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54 of 59 people found the following review helpful By Deborah L. Nies on May 18, 2011
Format: Paperback
I discovered Gever Tulley on [...] and was fascinated by his speech entitled "5 Dangerous Things you Should let your Children do." Among the list of five things that Mr. Tulley suggested that children should do: play with fire, drive a car and own a pocketknife. Let me say that these suggestions initially tormented this helicopter mom.

Yes, fellow parents, I can feel the cringes now. But, let's think about it. We used to be free-range children. We rode our bicycles without helmets. We played in the neighborhood/woods all day long, only returning home for dinner refueling. We whittled with pocketknives, and yes, most of us probably played with fire. We probably survived these experiences unscathed or with minor scrapes.

The "5 Dangerous Things" lecture was the precursor to his new book which has just been published, and it is called "50 Dangerous Things (you should let your children do)." My tween daughter and I are working our way through this hands-on activity book, which has space for your own field notes. We have already: whittled, thrown a spear, cooked a hot dog in the dishwasher, broke the recipe rules, exploded a bottle in the freezer, and cooked strange things in the microwave. Now THIS is a hands-on book!!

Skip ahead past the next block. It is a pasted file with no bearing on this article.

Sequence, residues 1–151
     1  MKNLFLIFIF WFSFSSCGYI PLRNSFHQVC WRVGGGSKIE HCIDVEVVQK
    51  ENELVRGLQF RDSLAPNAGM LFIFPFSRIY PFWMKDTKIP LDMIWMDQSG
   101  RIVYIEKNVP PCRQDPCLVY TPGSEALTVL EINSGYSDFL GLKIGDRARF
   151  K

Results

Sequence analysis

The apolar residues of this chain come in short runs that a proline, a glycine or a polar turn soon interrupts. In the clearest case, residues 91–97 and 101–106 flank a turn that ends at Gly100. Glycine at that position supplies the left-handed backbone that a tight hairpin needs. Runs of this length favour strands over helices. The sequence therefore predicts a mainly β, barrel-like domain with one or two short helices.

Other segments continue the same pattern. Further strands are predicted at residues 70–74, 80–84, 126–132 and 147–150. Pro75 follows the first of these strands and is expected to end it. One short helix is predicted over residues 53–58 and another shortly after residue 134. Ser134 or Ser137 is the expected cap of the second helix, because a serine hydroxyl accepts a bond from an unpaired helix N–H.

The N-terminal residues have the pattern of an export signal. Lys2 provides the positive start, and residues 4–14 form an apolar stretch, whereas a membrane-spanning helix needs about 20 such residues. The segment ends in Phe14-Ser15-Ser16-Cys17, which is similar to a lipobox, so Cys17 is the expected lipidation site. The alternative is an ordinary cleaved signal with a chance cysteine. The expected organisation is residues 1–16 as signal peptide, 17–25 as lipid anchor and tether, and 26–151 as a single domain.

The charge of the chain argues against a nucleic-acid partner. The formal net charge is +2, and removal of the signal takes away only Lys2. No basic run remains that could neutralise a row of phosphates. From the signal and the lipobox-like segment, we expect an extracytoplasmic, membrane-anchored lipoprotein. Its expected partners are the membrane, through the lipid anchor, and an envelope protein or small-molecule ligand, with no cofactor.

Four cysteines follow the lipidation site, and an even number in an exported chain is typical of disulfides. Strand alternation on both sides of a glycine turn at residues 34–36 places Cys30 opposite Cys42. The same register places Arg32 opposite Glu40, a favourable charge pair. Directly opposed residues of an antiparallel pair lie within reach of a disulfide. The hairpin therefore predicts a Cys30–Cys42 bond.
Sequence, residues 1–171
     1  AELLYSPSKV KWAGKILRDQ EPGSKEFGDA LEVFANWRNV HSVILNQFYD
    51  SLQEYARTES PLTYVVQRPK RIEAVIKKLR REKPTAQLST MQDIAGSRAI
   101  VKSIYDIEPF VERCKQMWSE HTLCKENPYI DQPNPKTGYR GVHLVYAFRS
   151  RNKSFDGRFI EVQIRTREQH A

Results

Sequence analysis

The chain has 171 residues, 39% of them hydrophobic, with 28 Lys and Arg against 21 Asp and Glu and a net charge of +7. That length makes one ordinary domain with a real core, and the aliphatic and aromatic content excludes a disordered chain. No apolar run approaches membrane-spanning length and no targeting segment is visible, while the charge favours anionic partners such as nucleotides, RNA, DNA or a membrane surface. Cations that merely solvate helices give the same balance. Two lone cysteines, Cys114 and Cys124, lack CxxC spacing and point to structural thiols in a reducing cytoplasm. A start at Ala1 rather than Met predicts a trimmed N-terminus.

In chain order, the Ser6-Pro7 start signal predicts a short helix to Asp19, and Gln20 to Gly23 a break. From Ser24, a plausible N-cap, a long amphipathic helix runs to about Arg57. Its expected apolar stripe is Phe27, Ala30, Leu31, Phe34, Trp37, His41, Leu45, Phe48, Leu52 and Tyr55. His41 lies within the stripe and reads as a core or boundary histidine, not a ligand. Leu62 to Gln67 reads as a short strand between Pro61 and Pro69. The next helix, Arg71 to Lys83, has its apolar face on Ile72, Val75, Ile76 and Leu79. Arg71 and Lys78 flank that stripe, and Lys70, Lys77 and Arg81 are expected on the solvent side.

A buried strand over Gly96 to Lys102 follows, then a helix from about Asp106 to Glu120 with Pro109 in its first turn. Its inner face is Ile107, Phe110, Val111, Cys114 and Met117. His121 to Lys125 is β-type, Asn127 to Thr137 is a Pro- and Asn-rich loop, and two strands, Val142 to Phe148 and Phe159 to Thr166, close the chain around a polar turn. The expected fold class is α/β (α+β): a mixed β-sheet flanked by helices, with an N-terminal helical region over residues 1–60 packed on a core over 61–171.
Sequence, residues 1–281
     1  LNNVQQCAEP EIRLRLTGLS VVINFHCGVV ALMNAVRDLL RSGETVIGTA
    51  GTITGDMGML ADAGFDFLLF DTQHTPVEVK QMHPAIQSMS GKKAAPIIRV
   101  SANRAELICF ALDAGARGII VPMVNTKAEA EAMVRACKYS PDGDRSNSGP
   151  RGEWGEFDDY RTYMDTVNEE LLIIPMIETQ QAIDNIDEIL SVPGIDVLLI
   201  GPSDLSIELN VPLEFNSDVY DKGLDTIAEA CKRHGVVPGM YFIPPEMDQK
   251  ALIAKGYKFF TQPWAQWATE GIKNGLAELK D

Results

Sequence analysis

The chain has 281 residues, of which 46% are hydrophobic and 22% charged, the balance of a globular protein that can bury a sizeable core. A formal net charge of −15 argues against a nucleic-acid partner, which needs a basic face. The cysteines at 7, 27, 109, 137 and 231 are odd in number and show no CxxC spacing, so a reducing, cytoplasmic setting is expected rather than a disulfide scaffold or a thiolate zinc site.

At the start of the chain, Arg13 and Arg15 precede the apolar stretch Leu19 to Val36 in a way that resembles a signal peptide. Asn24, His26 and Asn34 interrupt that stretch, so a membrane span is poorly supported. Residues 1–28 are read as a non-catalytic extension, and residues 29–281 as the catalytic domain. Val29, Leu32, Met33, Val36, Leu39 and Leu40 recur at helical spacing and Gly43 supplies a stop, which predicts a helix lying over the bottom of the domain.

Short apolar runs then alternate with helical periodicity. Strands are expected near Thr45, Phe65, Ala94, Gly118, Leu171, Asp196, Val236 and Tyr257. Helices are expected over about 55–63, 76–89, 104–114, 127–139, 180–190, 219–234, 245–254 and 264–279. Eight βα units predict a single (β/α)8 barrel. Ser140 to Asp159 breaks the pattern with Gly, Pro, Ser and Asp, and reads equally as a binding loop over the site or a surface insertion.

Mr. Tulley's book promotes learning, and believe it or not, safety. Quote from his website: "There are many "dangerous" things that are interesting, eye-opening, enlightening or just plain fun! And while there are aspects of danger in virtually everything we do, the trick is to learn how mastery actually minimizes danger."

As parents, we need to give our children opportunities to tinker, explore and experiment. We must endeavor to raise the next generation of great thinkers. We already have our copy...where's yours? (Pssst, here's a SECRET: It's as much fun for the adults as it is for the kids.)
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24 of 27 people found the following review helpful By Hoop on January 13, 2010
Format: Paperback
This book is absolutely fabulous. It is so important to teach children how to be safe during the adventures you know they will have. The book is cute, clever, thorough and simply wonderful. We couldn't get enough and bought copies for all of our friends with kids! Such a creative and great way to introduce fun stuff for children to explore. Highest recommendations!!!